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    Locke Lord QuickStudy: Who? What? When? “Ware” — An Illinois Appellate Court Addresses the 'Number of Occurrences' Issue

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    Who? What? When? “Ware” — An Illinois Appellate Court Addresses the “Number of Occurrences” Issue

    A recent Illinois Appellate Court decision has ruled that damages arising from a porch collapse in 2003 arose from a single occurrence. Ware, et al. v. First Specialty Ins. Corp., 2012 Ill. App. (1st) 113340 (Jan. 11, 2013).

    Facts
    A party was held at the second and third-floor units of a three-floor apartment building in Chicago, Illinois. While several individuals were standing on the second or third-floor back porches, the third-floor porch suddenly collapsed onto the second-floor porch which immediately collapsed onto the first-floor porch. As a result of the porch collapse, 13 people died and at least 29 more were injured that night and in the “days or weeks after the collapse.”

    The owner of the property and others were identified as named insureds on a Bodily Injury and Property Damage Liability insurance policy issued by First Specialty Insurance Corporation. The Policy covered the subject apartment building and had limits of $1 million per occurrence and $2 million in the aggregate, subject to a $5,000 deductible.

    The injured and the decedents’ estates sued the property owner and the other named insureds in the Circuit Court of Cook County, Illinois, claiming, among other things, that the insureds’ failure to inspect the porch and maintain it in a reasonably safe manner was the cause of the injuries and deaths of the plaintiffs. The parties ultimately agreed to resolve their differences, with one of the arrangements being First Specialty’s agreement to contribute its $1 million per occurrence limit.

    Following the First Specialty agreement and pursuant to an assignment of rights, the plaintiffs filed a declaratory judgment action as to whether there was more than one occurrence and thus whether First Specialty must pay the policy’s aggregate limit of $2 million.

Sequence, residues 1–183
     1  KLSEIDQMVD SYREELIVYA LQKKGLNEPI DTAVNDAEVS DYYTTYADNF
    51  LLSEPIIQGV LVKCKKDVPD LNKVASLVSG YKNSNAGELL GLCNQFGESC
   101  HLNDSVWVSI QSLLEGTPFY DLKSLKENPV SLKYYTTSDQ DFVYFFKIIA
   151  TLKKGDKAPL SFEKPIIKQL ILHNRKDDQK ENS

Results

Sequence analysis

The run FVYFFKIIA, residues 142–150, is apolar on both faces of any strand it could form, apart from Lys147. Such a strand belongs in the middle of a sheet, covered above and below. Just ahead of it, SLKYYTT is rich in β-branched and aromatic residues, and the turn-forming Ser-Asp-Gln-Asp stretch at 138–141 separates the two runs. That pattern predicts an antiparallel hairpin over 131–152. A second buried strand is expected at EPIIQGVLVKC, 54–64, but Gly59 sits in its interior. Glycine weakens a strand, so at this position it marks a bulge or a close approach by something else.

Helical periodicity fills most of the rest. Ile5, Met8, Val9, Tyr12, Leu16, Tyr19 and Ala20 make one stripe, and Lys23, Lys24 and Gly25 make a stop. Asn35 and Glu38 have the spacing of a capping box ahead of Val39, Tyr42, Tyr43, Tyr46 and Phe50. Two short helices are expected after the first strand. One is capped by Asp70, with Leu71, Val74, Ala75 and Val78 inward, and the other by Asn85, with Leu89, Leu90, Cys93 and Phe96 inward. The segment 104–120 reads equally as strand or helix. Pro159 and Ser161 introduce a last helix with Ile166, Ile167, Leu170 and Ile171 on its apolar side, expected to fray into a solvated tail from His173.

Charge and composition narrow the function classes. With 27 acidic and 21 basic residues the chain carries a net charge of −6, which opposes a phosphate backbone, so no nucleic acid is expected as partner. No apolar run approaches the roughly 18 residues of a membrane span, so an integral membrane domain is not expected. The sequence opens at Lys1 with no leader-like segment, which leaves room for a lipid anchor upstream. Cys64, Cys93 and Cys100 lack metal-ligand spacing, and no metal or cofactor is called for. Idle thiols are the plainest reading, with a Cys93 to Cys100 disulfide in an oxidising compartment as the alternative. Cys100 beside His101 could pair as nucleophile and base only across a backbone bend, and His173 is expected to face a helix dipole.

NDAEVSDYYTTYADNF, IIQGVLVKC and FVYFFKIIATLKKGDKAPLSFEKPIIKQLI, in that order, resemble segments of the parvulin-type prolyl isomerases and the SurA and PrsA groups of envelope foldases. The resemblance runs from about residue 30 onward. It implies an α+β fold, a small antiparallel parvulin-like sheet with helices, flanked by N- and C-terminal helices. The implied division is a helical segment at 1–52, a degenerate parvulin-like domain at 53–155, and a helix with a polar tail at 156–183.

The parties agreed for purposes of the lawsuit that there were “no intervening acts or circumstances which could have or did in fact contribute to and/or cause” the deaths or injuries suffered. The parties cross-moved for summary judgment on the issue of the number of occurrences. The trial court denied plaintiffs’ motion and granted First Specialty’s, concluding that the injuries resulted from one occurrence.

    The plaintiffs appealed. They argued that because the several injuries and deaths did not all occur at the same time, First Specialty could not establish that the injuries constituted a single occurrence under the Policy. First Specialty contended that the injuries and deaths were the result of one thing, the porch collapse, and thus the injuries arose out of a single occurrence.

    In its recent decision, the Illinois Appellate Court sided with First Specialty, relying on the language of the Policy which defined “bodily injury” to mean “injury, sickness or disease sustained by a person, including death resulting from any of these at any time.” (emphasis added). Based upon this language, the Appellate Court rejected the plaintiffs’ argument that there were separate occurrences and determined the Policy’s definition of “bodily injury” to mean that the phrase “deaths . . . at any time” controlled. When the deaths or injuries actually occurred was irrelevant to the Court’s determination that there was a single occurrence.